Updated: Nov 5
How much should I charge?
This is a common question I get from tax professionals, new and seasoned. I also see it in various tax groups when it comes to tax preparation and tax representation. But I get it.
It took me a while to become comfortable with my tax representation prices. That allowed me to be confident in quoting clients and delivering value. Today I'm going to walk you through the process I use to price a tax representation case.
Note, that this is a framework. When it comes to pricing you have to do what works for your firm. You also have to be able to charge a price that is fair to both you and the client, and that you can say with confidence. There is a direct correlation between your prices and how you see your value in the marketplace. If your prices are too low I suggest you check out Establishing Your Legacy as a Tax Professional - Creating Your Roadmap Part II.
Confidence and understanding your value take practice. When you understand the value you bring you can put that information into a formula and get what you should be charging. Now, there is a debate in the industry about whether you should do hourly pricing or value-based pricing.
There are situations where both are appropriate. For example, if you are working on an audit you probably need to have a base price and then charge hourly. If you are new to the industry and have never removed a tax lien or levy. You have to be careful charging hourly. It's not fair to the client for your inexperience to affect the price. But at the same time, they should compensate you for your time. This is where you would want to offer a set fee or value pricing.
I am going to lay out the 3 things that you should take into consideration when deciding your price. Then I will walk you through collecting your whole fee upfront and in phases. As a little bonus, there is a sample price sheet at the end of the article.
3 Things to Consider for Your Tax Representation Pricing
When it comes to pricing you have to think like a business owner. You want to make sure that you have your costs covered when you charge a client. Keep in mind that yes, the price needs to be fair for the client but you have to eat too, right? You can't pour from an empty cup. So if you're not taken care of you won't be at your best when you are serving. Here are the three things that you need to take into consideration when setting your price:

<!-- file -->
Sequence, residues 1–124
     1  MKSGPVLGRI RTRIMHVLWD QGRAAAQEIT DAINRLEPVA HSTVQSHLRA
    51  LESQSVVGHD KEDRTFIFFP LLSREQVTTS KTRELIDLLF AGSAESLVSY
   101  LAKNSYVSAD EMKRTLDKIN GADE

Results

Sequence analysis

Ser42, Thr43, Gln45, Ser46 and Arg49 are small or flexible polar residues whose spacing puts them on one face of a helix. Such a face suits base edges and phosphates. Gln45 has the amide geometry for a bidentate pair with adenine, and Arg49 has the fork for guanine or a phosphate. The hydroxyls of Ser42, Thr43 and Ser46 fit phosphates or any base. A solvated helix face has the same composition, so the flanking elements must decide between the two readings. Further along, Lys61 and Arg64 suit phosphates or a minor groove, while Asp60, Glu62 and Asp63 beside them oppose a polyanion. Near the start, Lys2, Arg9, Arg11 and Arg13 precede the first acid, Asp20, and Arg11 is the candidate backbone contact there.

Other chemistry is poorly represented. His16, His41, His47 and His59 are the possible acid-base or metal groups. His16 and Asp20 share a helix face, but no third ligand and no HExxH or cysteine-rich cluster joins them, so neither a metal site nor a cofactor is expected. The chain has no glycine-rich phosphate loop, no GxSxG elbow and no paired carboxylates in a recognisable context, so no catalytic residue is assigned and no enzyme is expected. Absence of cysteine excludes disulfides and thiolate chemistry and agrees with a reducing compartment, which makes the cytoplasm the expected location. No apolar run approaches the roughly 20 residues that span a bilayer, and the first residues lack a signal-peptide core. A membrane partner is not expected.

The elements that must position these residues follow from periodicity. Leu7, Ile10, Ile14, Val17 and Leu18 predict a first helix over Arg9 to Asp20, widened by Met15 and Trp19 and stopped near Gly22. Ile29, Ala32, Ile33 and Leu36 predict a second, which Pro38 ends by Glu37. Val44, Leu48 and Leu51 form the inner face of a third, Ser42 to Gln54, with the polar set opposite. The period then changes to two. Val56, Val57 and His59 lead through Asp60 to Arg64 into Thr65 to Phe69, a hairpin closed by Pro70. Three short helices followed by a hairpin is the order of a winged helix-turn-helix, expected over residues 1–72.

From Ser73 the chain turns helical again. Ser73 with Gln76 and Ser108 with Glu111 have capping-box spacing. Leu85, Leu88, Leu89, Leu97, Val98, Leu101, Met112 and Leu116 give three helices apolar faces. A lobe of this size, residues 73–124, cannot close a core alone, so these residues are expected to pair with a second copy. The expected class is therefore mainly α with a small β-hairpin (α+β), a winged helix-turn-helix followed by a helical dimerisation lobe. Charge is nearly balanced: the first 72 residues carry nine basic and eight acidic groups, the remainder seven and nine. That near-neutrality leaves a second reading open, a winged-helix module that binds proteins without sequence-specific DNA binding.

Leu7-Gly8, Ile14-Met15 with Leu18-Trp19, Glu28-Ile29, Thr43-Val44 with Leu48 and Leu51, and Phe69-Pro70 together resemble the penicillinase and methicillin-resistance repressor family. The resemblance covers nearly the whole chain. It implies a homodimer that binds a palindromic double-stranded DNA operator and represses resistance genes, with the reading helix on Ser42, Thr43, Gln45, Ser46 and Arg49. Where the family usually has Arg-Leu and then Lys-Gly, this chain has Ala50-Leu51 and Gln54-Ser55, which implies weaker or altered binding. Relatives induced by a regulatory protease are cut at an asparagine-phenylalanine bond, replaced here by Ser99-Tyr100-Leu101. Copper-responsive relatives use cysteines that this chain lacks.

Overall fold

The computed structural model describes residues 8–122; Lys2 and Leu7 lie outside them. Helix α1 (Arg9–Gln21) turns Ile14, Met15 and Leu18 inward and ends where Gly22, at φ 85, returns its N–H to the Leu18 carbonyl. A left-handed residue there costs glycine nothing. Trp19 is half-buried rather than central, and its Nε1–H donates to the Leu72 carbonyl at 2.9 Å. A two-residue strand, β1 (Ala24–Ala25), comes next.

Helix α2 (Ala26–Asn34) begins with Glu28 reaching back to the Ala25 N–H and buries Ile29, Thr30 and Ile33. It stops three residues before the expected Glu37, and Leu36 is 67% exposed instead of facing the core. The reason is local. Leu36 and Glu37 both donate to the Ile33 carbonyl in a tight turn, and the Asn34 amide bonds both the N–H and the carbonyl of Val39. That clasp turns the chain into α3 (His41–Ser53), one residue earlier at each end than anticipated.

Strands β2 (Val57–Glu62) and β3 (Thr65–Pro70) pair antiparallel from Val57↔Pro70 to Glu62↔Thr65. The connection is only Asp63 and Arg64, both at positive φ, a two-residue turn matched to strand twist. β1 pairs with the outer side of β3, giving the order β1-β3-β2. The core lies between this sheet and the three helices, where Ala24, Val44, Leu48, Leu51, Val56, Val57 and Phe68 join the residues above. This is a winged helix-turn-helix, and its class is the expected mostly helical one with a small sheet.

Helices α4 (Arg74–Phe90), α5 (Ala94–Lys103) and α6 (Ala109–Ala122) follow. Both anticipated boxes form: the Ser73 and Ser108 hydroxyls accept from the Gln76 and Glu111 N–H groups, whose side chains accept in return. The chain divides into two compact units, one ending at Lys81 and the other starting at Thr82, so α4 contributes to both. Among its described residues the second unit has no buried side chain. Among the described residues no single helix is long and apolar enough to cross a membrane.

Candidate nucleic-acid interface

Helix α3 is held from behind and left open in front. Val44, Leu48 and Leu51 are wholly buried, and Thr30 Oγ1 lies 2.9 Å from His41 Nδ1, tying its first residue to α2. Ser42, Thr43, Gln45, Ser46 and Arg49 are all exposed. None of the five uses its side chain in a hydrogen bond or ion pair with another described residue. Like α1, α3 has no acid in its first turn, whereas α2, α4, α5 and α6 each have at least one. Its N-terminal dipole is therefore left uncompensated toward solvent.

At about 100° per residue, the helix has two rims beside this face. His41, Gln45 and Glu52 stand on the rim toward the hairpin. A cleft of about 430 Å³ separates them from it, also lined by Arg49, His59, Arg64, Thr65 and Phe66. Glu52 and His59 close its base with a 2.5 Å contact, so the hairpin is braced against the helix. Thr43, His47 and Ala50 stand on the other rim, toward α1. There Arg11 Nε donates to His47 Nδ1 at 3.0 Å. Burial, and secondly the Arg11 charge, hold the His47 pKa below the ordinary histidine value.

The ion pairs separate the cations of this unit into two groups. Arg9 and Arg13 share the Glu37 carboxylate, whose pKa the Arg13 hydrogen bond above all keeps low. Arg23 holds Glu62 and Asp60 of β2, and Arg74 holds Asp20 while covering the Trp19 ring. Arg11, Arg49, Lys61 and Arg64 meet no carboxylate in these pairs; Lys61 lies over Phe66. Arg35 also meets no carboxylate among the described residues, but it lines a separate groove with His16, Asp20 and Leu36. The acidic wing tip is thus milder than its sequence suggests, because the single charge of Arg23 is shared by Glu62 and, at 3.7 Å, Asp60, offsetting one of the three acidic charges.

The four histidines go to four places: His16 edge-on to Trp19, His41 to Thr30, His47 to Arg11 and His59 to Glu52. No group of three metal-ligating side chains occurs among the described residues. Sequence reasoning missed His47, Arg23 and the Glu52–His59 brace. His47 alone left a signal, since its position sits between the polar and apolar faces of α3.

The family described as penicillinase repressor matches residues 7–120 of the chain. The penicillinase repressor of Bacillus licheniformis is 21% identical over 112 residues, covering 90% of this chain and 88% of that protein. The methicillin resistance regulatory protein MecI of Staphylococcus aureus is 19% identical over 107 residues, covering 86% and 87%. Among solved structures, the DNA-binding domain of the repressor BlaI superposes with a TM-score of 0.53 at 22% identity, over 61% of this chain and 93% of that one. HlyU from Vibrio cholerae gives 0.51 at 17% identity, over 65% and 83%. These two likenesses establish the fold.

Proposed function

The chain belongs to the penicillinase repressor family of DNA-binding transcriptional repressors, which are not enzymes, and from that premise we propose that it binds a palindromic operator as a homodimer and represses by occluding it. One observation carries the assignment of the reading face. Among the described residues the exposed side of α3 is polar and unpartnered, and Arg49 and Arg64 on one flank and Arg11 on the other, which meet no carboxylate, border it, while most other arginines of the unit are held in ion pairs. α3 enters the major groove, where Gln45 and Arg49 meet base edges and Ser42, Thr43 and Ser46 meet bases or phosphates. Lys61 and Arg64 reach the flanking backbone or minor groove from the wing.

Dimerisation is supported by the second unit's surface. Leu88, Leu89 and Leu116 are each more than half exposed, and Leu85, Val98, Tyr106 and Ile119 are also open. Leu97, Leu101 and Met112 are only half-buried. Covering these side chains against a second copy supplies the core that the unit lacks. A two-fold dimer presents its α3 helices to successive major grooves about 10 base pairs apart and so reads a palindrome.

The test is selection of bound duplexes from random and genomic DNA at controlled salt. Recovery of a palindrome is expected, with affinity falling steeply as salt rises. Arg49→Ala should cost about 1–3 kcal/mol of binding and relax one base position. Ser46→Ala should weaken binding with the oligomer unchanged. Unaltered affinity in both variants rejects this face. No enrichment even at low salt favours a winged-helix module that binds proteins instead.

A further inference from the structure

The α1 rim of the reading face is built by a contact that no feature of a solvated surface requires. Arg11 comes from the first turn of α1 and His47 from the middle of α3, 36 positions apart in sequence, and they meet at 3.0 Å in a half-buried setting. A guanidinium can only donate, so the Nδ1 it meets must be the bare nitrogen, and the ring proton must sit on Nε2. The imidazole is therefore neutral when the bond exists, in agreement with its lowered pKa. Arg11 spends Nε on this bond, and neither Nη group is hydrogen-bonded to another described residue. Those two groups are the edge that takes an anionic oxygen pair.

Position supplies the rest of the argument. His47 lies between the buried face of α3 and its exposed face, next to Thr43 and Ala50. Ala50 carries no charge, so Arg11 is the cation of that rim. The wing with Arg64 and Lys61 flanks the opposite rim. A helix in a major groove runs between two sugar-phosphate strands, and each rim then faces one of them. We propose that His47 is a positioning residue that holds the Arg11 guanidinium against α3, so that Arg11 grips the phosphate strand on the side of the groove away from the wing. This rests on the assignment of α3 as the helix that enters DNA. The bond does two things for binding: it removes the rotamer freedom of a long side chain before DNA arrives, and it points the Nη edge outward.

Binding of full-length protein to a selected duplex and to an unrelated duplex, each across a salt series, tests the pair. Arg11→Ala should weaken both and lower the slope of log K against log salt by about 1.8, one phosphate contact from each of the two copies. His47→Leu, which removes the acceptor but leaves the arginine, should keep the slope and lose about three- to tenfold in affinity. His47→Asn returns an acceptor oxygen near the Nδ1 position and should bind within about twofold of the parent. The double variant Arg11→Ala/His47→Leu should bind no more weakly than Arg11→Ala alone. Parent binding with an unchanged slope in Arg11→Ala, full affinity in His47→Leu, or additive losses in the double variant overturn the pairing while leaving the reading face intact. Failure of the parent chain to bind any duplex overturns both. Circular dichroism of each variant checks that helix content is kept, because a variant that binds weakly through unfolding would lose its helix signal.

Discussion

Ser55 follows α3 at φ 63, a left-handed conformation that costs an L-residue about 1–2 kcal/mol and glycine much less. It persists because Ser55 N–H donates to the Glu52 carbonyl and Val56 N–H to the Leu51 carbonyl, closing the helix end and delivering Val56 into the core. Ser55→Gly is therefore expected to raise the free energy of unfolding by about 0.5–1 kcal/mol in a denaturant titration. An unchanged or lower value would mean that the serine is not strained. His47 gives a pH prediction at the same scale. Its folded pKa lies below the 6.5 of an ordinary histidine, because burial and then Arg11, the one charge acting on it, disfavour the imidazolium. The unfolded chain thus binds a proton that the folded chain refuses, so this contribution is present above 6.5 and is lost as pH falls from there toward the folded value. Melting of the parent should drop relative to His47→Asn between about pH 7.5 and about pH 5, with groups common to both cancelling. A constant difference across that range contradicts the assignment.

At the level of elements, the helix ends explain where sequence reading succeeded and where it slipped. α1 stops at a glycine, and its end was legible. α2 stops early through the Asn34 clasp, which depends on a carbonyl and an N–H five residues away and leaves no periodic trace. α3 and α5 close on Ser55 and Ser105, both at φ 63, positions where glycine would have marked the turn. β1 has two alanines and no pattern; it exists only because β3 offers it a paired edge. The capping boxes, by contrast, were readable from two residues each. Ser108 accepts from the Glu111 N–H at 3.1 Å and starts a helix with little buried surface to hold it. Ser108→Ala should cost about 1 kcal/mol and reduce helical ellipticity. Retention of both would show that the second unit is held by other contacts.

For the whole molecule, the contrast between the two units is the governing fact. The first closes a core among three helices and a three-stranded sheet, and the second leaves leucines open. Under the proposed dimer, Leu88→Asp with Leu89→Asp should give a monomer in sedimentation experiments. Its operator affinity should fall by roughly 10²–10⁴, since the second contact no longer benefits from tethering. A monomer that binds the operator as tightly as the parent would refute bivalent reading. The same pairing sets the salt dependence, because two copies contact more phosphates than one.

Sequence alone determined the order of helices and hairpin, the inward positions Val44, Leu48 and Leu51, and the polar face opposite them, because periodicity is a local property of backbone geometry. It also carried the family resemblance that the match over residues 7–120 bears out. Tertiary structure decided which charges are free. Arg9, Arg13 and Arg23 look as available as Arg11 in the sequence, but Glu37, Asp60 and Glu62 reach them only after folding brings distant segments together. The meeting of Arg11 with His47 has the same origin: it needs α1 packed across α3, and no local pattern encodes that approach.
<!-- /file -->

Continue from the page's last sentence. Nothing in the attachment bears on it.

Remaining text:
If you are starting out you may think that you should do work for free to get experience. I don't agree with that. If you are reading this article right now you paid to get the answers you are finding. That means the cost of this subscription is something that your business revenue should cover. This is an investment and you can't get a return on it if you do not charge accordingly.
You should factor this into overhead costs. Why? Because you may not know the answers yet but you have access to the answers in this community if you are in the Tax Pro's Representation Journey. If you just have the articles you can still ask questions in the comments. Have you purchased software? Do you have an office space? These are all resources that will help you streamline things in your business.
Starting out you may have to pay out of your personal funds. But these investments should be making your money. Setting the right price will allow you to do this.
Practice makes perfect, especially in representation. My first lien removal took me almost 8 hours. I did not have much experience and I was making all types of mistakes. I had to read and re-read the instructions. Then reach out to mentors. I charged $3,000 to become the POA, do the Transcript Investigation, and remove the lien. So I made roughly $375/ hr without taking overhead into consideration. Not too shabby, right?